East Lansing — Michigan State entered Friday’s game with two primary goals on offense — get the ball to center Nick Ward on the block and pump some energy into the fast break.
At least one of those goals was accomplished in No. 9 Michigan State’s 85-57 victory over Indiana at the Breslin Center as Ward scored 18 points on 7-for-9 shooting and grabbed 13 rebounds for his sixth double-double of the season.
“Everything felt normal again. The past weekend we didn’t play Spartan basketball, and it cost us,” Ward said. “So, to get back on track, especially in the Big Ten, was big for us.”
It was big for Ward, too, who had been stymied over the previous three games by teams that had put their defensive focus on stopping the 6-foot-8 sophomore. He got just one shot off in the loss to Ohio State and was limited to four points in the loss to Michigan.
“We gotta get the ball to Nick more, we gotta get the ball out of double-teams a little better,” Michigan State coach Tom Izzo said early in the week. “When we go back and look at the film, it hasn’t happened as much as you’d think. He’s not doing a good job of getting deep, we’re not doing a good job of passing it in, and the coaches aren’t doing a very good job of figuring out how to get it in. So, that’s what we’ve been working on and what we are gonna work on.”
Against the Hoosiers, it was clear getting the ball to Ward was a priority. He scored the first bucket of the game and continued to get the ball deep in the first five minutes. Indiana responded by double-teaming Ward, who showed quickly that he’s starting to adjust.
With 10:37 left in the half, Ward dribbled out of a double team and found Cassius Winston cross court for a 3-pointer. The shot put Michigan State ahead, 27-10, and capped an 18-0 run for the Spartans.
It was a move Ward has had trouble with in recent games.
“It was (one of the highlights of the game),” Izzo said. “Only because we worked on it for three straight days, you know, what we were gonna do. One time he almost didn’t do it because he dribbled the ball too quick. When he’s patient, takes his time, and that was a beautiful pass to Cass.
"I think Cass shot a three if I can remember. But it was the execution of what we wanted to get done that was more impressive than even if he would have missed the shot, to be honest with you. Nick was a lot better tonight. …That, too, was important for us.”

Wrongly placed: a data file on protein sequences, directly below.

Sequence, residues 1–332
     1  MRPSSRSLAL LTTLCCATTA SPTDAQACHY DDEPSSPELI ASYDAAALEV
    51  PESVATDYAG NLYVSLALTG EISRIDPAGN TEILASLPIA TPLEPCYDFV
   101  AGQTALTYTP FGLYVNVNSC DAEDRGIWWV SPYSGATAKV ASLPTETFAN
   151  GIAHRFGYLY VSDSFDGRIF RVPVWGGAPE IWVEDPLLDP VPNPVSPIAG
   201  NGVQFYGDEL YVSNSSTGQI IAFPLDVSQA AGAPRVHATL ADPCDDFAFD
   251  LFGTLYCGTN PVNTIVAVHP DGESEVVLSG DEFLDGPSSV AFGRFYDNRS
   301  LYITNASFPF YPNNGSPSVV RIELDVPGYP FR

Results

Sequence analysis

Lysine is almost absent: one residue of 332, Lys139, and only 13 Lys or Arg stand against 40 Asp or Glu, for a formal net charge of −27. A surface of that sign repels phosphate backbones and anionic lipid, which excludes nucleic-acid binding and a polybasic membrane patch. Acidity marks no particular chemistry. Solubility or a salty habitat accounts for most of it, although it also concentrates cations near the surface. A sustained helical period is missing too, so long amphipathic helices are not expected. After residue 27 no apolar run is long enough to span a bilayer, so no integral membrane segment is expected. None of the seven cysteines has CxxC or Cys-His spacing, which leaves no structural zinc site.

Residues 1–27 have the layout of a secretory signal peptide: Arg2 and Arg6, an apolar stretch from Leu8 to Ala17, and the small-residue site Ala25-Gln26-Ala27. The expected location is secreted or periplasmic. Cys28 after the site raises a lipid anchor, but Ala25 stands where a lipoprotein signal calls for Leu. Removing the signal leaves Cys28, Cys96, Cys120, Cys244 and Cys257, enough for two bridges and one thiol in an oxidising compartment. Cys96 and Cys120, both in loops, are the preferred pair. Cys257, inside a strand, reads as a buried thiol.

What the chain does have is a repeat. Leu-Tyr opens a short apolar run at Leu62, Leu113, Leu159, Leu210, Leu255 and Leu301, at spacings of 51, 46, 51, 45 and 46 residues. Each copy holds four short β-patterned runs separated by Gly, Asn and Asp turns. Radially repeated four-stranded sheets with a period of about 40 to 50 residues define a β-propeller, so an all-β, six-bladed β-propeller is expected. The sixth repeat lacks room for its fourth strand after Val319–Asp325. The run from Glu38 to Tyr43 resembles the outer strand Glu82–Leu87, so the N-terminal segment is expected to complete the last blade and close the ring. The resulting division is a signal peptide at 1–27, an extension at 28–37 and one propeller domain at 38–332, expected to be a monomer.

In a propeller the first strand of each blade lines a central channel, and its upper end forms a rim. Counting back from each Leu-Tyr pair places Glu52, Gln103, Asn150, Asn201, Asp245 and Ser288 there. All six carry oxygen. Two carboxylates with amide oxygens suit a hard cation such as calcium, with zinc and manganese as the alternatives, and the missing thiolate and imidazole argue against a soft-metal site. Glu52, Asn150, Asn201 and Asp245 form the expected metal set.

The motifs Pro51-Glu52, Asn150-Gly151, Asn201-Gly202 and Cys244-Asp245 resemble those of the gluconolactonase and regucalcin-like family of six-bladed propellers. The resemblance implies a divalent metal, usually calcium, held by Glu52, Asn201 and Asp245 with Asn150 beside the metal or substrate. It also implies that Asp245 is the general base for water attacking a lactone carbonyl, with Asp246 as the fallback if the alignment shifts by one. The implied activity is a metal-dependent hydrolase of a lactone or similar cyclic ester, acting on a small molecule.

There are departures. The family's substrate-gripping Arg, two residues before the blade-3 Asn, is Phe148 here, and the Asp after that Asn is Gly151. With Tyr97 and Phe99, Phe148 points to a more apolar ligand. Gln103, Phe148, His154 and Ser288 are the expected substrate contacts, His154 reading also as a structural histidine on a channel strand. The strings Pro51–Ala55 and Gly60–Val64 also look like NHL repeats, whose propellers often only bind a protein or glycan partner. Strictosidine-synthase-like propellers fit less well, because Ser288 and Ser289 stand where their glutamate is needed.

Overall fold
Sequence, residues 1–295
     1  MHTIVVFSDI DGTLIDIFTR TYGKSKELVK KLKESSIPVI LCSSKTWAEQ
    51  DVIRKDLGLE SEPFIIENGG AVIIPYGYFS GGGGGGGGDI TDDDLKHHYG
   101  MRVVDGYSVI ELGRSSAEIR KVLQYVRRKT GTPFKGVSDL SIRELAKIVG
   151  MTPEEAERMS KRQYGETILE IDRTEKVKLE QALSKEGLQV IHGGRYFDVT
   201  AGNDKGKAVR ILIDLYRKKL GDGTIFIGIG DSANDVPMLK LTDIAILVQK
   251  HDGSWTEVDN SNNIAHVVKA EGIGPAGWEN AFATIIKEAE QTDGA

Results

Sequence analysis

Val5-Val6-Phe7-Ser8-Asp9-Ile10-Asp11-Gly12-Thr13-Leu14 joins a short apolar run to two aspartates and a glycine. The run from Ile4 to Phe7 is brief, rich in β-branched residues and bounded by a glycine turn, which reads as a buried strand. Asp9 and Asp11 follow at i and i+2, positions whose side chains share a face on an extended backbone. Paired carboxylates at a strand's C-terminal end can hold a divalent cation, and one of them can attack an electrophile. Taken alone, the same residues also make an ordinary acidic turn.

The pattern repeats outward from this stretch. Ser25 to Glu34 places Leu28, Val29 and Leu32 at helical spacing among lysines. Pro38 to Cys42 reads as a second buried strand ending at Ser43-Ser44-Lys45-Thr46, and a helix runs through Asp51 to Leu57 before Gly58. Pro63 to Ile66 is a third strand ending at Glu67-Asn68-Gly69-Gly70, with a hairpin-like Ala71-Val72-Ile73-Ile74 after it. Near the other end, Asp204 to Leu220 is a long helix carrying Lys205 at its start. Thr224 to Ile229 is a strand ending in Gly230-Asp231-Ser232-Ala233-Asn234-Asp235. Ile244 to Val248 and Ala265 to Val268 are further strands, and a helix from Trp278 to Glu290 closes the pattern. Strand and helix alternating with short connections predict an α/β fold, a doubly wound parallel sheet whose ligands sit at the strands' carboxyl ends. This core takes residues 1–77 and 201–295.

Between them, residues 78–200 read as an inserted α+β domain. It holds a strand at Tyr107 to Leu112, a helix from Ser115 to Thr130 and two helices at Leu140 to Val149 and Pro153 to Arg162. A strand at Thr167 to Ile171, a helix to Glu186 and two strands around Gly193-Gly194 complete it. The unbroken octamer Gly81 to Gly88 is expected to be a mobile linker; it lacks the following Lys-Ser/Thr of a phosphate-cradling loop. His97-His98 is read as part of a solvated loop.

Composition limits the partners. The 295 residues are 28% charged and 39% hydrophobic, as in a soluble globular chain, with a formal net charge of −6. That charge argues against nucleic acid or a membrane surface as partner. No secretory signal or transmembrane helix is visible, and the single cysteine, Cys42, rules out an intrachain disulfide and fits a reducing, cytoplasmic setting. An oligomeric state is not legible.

Michigan State players react to team's performance and getting back on track in Friday's 85-57 win. Matt Charboneau, Detroit News
Michigan State was visited by a world champion on Friday before its game against Indiana, and he believes he saw another champion on the floor.
At least, former Major League All-Star Alex Rodriguez believes the Spartans can become a championship team.
“I just watched you guys up there for about an hour, and you guys, if you want it, you’re world champs,” Rodriguez said in a video posted by Michigan State. “There’s more talent here than you need. There’s an abundance of talent. Trust your coaches, there’s no better coaching staff in the world than what you have right here.
"You don’t need any more talent. You just need to focus, you need to discipline and you need to believe. You can’t win without the swagger, without the confidence, without the humility, and I wish you guys the very best. I’ll be watching tonight.”
Rodriguez, who earlier in the day visited with Michigan State football coach Mark Dantonio, was in Detroit on Thursday speaking at a luncheon connected with the North American International Auto Show.
“His message was on the work and the things you got to do to be great,” Izzo said. “He told the team that he’s got 2,000 hits and this many home runs and all those things and he’s won a world championship, but what sticks out to him the most is that he is the fifth-greatest player in the world as far as strikeouts. He is in fifth place and Reggie Jackson is in first, so pretty impressive.
“He talked about how many times he failed, how to get back up. What a great message when we have just come off a disappointing week of basketball. I thought that was really, really — the way he said it and the way he approached guys. If you had seen our guys, they were really glued in. I really appreciated Alex coming.”
Michigan State entered the game No. 1 in the nation in field-goal percentage defense with opponents shooting 34.9 percent this season. Indiana shot 33.9 percent (20-for-59) but did make 8 of 26 3-pointers, including four from Robert Johnson.
… Miles Bridges scored at least 20 points for the fifth time this season and the 15th time in his career.
… The Spartans handed out 23 assists on 32 field goals.
... Michigan State outscored Indiana, 38-18, in the paint and had 17 second-chance points.